"There are many sources of inspiration for this typeface.

First, there is the postcard I recieved from a friend on holiday in Egypt in the mid - ’90s. On the postcard was a stamp that mixed egyptiennes and what appeared to be some reference to cyrillic glyphs. I started to work on a typeface inspired by the stamp, but it never got to a point where I was satisfied. So I put it in a folder and forgot about it.

Second, there is the "Learn-how-to-draw-letters" book I got for my birthday a few years back. It was a paperback which consisted of xeroxed pages. It probably wasn’t the first edition, and the xeroxed pages looked like the came from a xeroxed original. One of the chapters showed different typefaces - among them a clarendon. The roughness of the of the letters appealed to me & made me think of old woodtype specimens which brings us to the 3rd source of inspiration: printed ephemera from 1800s to the early 1900s.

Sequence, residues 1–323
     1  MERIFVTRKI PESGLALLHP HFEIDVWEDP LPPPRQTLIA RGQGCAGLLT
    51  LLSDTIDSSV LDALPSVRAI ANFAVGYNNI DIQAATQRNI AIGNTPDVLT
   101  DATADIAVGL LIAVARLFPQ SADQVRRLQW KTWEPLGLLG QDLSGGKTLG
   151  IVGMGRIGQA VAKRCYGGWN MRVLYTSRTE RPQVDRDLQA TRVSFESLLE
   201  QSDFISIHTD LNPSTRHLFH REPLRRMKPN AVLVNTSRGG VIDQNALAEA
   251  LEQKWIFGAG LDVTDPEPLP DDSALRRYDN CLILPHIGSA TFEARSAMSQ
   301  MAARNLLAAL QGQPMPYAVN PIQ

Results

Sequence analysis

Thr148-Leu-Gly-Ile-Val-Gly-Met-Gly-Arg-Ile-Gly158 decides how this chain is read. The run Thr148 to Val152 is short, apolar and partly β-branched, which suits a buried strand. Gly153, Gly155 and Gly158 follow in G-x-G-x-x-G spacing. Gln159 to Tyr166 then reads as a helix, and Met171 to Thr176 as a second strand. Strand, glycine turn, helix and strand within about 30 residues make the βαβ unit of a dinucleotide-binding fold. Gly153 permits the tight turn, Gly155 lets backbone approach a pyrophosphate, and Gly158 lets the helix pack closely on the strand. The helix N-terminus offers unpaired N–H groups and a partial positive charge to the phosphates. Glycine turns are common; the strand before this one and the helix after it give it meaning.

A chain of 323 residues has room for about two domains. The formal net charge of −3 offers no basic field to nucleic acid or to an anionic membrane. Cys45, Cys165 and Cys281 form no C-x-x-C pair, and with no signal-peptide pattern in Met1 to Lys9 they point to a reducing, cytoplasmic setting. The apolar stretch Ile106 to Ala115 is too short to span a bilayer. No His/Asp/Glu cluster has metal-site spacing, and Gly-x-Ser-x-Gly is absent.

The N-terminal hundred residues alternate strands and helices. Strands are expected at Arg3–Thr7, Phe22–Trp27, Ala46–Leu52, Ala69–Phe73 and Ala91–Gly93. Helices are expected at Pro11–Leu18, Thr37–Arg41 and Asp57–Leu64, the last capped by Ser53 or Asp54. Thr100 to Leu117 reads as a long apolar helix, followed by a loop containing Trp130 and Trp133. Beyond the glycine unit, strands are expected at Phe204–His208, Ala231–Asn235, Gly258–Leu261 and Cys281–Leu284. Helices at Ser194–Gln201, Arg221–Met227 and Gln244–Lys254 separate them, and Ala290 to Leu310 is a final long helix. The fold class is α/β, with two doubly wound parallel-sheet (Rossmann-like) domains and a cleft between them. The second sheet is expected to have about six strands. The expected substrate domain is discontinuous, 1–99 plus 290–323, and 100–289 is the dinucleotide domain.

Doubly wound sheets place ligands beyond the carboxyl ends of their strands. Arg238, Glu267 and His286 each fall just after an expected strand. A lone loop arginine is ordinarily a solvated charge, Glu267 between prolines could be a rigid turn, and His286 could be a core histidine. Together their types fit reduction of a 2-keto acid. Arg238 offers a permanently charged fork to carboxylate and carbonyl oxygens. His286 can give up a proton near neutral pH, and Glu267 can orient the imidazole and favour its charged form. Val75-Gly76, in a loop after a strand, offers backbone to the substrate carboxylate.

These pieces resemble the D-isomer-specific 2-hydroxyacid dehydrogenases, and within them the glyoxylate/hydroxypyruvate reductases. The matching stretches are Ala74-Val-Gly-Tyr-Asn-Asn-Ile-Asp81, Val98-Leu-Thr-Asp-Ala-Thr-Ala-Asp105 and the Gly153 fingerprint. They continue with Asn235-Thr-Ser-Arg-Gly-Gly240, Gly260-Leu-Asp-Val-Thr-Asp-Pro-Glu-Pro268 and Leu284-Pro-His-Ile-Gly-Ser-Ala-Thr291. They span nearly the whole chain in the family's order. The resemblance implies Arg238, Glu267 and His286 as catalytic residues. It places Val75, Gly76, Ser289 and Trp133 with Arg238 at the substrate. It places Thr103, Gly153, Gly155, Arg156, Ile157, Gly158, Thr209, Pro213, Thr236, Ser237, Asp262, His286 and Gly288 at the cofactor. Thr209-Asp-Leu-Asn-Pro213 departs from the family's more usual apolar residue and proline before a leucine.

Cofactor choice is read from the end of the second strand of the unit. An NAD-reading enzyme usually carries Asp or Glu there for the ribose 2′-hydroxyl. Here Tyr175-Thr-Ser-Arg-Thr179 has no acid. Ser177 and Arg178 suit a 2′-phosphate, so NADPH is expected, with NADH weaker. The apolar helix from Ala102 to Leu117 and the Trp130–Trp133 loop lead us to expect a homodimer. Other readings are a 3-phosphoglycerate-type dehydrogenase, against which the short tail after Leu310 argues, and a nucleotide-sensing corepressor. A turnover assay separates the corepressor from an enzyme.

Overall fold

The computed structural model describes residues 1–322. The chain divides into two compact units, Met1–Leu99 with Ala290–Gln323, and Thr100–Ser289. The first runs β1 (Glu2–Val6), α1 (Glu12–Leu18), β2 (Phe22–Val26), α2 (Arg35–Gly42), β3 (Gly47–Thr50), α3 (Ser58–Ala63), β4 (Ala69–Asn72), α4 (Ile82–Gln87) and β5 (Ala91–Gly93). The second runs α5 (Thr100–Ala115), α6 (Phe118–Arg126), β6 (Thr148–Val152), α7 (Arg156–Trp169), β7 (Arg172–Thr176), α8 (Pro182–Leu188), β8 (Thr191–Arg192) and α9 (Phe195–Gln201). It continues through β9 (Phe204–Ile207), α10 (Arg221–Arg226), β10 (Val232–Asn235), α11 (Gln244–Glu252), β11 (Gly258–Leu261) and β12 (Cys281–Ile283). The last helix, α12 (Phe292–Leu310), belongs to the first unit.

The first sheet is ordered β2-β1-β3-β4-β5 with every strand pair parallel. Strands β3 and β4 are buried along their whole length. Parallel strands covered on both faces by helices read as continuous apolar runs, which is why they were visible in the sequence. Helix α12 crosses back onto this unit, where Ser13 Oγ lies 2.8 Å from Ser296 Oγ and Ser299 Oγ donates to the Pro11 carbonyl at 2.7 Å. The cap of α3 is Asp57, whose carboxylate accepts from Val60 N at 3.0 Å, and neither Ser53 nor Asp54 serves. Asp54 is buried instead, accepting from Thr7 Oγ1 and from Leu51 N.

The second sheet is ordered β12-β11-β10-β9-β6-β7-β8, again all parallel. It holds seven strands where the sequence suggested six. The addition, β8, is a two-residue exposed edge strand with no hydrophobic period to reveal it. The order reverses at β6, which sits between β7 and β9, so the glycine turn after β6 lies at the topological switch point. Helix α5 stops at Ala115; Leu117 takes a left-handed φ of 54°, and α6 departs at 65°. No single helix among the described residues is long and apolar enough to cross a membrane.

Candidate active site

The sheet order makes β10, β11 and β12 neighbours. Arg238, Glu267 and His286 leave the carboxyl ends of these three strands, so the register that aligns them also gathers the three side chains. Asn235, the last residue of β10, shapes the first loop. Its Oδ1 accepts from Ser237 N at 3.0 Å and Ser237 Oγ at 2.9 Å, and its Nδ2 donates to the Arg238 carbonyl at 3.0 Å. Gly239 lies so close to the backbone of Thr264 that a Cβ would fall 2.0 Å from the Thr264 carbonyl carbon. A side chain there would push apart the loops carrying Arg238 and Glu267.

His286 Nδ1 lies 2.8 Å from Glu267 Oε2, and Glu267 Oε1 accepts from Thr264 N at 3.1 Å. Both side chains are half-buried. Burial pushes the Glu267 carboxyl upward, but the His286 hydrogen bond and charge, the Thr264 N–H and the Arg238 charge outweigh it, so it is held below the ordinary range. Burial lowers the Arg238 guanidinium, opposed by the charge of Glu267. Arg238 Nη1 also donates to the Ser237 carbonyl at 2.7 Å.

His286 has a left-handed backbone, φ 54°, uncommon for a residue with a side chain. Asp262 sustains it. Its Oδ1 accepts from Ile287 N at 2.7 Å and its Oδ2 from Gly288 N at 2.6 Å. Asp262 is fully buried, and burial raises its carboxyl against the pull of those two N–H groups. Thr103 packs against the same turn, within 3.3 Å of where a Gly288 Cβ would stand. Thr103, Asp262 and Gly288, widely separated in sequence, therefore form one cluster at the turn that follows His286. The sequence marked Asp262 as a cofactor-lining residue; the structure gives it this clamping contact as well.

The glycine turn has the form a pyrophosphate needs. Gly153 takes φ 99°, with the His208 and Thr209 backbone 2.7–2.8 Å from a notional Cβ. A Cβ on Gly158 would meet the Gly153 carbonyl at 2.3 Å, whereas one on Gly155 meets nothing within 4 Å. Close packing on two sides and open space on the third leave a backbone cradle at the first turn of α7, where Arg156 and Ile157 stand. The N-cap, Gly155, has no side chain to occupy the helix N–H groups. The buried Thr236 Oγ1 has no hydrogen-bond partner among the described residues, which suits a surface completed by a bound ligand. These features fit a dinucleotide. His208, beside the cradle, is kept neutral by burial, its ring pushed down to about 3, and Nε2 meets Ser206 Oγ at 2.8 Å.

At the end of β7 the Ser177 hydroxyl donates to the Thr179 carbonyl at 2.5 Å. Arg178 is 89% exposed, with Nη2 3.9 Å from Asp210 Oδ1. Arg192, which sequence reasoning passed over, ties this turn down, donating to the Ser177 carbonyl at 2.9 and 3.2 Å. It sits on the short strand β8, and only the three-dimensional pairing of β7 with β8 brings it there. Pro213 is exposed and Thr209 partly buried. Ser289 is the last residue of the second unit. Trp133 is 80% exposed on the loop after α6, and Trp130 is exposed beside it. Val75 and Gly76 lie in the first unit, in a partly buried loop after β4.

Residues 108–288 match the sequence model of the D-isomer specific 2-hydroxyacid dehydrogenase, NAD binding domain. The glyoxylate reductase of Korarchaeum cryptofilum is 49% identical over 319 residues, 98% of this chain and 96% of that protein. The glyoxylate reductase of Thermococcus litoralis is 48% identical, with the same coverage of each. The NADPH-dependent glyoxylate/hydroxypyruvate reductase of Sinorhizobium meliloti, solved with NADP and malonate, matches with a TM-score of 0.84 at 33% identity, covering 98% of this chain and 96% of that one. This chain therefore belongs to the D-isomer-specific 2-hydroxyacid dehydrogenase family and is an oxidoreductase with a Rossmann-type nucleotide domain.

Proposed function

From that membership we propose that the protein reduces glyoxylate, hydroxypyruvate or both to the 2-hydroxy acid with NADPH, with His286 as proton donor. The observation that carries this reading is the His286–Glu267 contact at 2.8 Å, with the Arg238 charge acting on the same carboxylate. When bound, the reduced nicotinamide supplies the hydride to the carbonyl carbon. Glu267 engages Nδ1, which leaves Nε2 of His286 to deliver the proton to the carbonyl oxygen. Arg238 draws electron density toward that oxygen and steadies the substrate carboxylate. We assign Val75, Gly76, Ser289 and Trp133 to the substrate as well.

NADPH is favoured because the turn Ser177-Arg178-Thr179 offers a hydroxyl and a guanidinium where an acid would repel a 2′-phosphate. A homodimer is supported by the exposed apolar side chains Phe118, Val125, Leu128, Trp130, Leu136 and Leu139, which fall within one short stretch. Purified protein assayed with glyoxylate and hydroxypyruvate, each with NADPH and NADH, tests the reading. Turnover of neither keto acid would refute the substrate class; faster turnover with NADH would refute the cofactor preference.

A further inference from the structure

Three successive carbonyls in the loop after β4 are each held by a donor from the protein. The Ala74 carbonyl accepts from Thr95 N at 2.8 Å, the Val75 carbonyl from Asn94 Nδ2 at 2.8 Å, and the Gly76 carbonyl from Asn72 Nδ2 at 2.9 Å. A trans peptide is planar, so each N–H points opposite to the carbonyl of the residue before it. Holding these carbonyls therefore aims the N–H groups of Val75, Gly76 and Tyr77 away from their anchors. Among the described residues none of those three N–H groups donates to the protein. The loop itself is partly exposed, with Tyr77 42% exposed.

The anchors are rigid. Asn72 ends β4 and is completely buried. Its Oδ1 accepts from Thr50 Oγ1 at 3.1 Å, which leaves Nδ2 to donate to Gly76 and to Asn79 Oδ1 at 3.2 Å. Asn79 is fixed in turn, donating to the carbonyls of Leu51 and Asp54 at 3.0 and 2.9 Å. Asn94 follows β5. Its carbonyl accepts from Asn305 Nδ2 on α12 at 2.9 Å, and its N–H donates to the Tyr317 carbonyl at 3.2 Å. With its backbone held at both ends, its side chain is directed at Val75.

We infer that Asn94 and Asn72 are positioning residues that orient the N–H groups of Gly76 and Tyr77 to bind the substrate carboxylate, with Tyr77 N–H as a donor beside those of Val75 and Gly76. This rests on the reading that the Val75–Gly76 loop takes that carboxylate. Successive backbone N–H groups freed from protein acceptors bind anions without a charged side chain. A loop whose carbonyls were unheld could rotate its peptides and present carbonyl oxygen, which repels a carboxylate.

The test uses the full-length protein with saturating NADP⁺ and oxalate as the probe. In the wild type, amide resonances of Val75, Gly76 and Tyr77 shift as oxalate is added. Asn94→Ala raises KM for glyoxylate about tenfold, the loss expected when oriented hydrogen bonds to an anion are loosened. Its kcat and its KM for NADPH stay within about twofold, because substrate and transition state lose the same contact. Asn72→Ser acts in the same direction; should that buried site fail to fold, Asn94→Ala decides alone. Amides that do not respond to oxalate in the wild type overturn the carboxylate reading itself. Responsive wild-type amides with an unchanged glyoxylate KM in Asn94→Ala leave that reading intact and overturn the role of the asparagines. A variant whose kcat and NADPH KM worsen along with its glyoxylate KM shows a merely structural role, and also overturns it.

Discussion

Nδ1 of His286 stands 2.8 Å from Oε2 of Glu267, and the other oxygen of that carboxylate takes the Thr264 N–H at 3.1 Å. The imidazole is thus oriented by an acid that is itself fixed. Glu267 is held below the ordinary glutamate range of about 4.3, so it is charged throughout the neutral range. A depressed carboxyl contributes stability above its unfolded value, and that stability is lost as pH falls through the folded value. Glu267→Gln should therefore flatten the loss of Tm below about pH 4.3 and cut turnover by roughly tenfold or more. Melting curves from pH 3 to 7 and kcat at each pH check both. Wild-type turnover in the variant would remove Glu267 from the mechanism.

There’s something warm-hearted about old ephemera –letters that clutch together, wacky baselines, spilled ink, bad paper and a mix of letters from different typefaces. None of which would be considered good type & printing, but still feels so much more alive than many of today’s gridbased fonts.

I've tried to put some of this human touch & warmth into Farao."